Mr. Speaker, we certainly are always touched when the members from our own ridings are impacted by these tragedies involving driving and alcohol.
My answer would be something I just found a few minutes ago. Drunk drivers themselves are asking for stiffer sentences. An individual got three and a half years behind bars after killing a 21-year-old woman when he was driving drunk. That was two decades ago. Today this individual came back and said that this was not enough. He said that it was a crime for which he should have paid a bigger sentence. When we are at the point where drunk drivers are asking for stiffer sentences, I believe it is time for parliamentarians to take our responsibility and set the standard.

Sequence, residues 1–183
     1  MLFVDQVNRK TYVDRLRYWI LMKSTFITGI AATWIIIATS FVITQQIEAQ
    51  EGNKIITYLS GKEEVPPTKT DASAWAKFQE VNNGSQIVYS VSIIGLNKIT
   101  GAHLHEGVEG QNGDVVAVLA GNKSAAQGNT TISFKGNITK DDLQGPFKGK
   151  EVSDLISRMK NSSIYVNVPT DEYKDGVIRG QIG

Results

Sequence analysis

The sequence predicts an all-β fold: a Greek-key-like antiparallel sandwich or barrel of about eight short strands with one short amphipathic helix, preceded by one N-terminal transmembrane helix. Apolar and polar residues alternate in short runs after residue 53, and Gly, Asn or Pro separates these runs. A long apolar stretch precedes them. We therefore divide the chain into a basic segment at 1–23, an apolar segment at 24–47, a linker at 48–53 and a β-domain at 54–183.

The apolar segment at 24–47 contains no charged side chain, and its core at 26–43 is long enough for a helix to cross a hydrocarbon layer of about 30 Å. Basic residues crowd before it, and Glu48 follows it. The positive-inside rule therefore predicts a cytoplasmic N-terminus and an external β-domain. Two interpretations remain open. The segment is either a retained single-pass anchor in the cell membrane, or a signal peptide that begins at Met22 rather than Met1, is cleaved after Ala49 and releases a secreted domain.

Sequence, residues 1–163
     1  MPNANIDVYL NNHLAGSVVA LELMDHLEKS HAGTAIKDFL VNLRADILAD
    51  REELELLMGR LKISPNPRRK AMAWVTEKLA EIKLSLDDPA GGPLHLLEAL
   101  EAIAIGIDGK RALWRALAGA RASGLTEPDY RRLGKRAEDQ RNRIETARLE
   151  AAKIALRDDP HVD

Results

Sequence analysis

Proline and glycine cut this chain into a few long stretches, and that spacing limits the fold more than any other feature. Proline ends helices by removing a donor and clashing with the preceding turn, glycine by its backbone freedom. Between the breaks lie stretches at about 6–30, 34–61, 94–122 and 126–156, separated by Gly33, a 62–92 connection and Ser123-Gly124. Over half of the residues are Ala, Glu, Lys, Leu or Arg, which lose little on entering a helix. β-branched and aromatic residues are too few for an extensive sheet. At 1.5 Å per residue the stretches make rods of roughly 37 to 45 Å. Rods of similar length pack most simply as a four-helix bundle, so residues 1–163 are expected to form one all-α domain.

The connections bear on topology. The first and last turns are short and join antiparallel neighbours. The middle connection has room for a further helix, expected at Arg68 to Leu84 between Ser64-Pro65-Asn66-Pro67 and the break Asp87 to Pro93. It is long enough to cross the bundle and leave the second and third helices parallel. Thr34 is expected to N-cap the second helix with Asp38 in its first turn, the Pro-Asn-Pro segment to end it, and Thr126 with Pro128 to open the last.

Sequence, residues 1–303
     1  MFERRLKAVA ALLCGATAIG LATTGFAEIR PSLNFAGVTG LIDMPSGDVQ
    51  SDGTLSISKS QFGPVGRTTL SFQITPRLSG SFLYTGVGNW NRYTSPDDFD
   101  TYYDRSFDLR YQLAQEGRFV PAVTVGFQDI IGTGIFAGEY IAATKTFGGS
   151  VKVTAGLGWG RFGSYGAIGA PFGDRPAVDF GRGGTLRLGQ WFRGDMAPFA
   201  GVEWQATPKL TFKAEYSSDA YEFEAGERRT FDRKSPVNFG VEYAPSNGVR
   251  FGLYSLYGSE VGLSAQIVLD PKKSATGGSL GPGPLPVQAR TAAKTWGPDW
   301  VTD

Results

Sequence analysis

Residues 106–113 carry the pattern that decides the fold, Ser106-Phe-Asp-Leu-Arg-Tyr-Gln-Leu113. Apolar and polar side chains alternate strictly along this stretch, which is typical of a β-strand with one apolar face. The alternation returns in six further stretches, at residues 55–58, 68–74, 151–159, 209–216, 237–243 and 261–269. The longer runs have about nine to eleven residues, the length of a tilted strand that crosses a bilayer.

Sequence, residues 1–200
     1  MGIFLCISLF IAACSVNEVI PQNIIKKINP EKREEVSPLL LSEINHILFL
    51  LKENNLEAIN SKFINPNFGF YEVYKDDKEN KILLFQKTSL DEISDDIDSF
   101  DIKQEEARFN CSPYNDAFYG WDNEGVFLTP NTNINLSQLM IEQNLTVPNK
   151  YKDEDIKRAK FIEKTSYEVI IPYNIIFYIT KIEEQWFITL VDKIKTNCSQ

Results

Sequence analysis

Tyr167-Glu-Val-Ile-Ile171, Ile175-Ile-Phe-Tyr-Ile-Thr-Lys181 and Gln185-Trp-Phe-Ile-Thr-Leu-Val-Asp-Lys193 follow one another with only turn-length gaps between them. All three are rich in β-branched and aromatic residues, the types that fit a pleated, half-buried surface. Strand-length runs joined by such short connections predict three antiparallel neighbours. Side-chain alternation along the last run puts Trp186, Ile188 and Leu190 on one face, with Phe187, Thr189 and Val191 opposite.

Five years is what we already see in many courts, but it establishes a base and sends a signal that this crime is not acceptable in our society. That is why mandatory minimum sentences are there. They are not for all crimes, but they are there to send strong signal. We know that drunk driving is the number one cause of deaths related to the Criminal Code.
Hopefully the committee will be given the opportunity to debate the bill. Certainly it is open for discussion and debate, but that is the argument I would bring to the members of the committee.